And then there came a day that Legolas did not speak to Aragorn at all, not when they slipped the boats into the wide, swift river at daybreak, the struts still wet with dew, nor when Aragorn lifted his oar to drip gilded light and call their midday's halt.
In the evening, when the sun began to ease below the crowns of the trees, there came into view a narrow stripe of silty shore in the lee of a meander, and they cut in towards it, tangling the Anduin's ribbon with their oars. They dragged the boats into the shadow of a stubby coxcomb of rock, and made camp in a gully beyond a low rise, where a disturbance in the earth had caused the ground to fall away beneath a series of great trees.
By the time they set watch -- Gimli, at first -- the forest was the cindery grey of deep dusk, and the hollow of the camp was sunk entirely in darkness. Just over the rise, Aragorn crouched in a patch of mossed ground between trees to bury the bones of what had been their meat. The damp earth pushed deep beneath his fingernails, and when he stood and struck his palms together, the dirt clung, feathery, to his skin. He rubbed his hands briskly on the corner of his cloak.
Returning to the place in the gully he had spread his bedroll, he found he could squint and detect the mitigation of the darkness within that was Legolas. The hollowed earth there was a trap for leaves, though the mugginess of the air did not allow them to become brittly dry. His footfall rustled dully. Legolas did not greet him.
Aragorn sat with his elbows on his knees as his eyes adjusted to the dark of the hollow, and the felled sapling of Legolas's body became distinct in texture between cloak, tunic and leggings. The last of the dusk insects hummed.
Aragorn thought of coming sometimes at Rivendell upon an elf gazing into the Loudwater, betrayed as living flesh only by a brightness of eye and a lift of hair in the breeze. A young man splashing in the shallows, casting rocks across a smooth sheet of current, even diving from a heavy, overhanging branch into the olive-green dark of the deepest channel and emerging choking from the glinting surface, would solicit no further betrayal.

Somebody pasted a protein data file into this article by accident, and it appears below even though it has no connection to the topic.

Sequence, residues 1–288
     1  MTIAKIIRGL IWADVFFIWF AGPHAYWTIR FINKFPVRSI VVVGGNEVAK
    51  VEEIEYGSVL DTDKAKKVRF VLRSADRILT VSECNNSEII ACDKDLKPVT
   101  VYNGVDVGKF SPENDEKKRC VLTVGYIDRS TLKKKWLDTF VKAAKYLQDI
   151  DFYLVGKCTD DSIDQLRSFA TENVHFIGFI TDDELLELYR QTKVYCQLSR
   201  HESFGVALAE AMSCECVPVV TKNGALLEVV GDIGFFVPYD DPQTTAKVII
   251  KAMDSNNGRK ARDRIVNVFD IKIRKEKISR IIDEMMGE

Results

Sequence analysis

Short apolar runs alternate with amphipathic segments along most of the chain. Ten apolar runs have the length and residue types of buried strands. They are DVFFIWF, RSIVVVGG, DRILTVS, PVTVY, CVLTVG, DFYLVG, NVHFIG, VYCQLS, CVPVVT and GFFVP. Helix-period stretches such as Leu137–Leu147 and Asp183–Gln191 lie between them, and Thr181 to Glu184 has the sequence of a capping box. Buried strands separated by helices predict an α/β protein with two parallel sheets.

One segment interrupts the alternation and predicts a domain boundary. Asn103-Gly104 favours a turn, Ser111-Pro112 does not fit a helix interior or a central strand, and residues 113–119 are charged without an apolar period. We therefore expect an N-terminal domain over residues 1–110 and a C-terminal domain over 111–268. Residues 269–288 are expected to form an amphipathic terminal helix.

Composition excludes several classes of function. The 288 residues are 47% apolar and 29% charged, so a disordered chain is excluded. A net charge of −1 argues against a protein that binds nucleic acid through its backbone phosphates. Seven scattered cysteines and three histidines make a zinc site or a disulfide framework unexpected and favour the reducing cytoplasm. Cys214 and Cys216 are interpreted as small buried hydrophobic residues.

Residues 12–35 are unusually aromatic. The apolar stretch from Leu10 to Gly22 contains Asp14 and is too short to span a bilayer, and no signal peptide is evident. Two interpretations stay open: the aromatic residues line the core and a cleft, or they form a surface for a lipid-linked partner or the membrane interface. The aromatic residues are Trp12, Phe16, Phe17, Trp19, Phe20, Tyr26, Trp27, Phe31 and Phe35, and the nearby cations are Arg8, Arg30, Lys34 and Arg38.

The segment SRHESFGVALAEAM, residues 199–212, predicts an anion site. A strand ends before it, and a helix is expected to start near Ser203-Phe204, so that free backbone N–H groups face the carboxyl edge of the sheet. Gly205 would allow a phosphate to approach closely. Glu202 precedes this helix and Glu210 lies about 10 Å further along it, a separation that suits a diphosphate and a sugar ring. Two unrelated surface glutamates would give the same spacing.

Their companions were strewn across the gentle ground, quiet as loose-wrapped baggage. Aragorn whispered at last to Legolas, "Have I offended you, my friend?"
"Why should you say that?" Legolas replied, getting to his elbow.
Aragorn pressed the heel of his hand into an insect bite.
"I am curious," Legolas said mildly, "of the answer."
"Never mind," Aragorn said. "Fear not, I shall sleep over here, with a rock in my back."
"I would not answer such a speech," Legolas replied, "but that you are yourself, and sleep often on the ground in the wild. So I say, you will do better so soon as you decide to." He lay back along the incline of the earth beneath the overhang.
Soon he was almost preternaturally still, and turned no more toward Aragorn.
In Lorien Aragorn had said, "If you wonder that one whose flame was lit before time was born can find his end so readily, then we are as one."
But Legolas had merely said, "Come into the mist."
And he had said, "You are free, then?" His voice was softened with something like exertion.
"In so far as this," Aragorn had replied.
It was the blue-black of the night's dark, and only a few stars filtered their way through the forest's canopy. For no reason Aragorn could determine, the warm syrup of sleep in his veins had thinned, and he had drifted awake.
For a long time he lay still, sifting the stars from the canopy above. The hobbits, four in a row, snuffled. He listened for Legolas's breathing, for some shift in the elf's repose, but heard nothing.
He shifted toward Legolas, across the few feet of ground between them. Legolas's pale face and hair were dark grey against the black of his cloak's hood and the ground beneath.
Propped on his elbow, Aragorn lay very still for a moment. At last he could hear the gentle intake and expulsion of Legolas's breath. He reached for and found, in the dark, Legolas's shoulder. It was tunic he touched, for the cloak had fallen aside.
He reached for where he thought the curve of Legolas's jaw should be, but found instead the soft, elastic skin of the throat. It jumped slightly under his hand.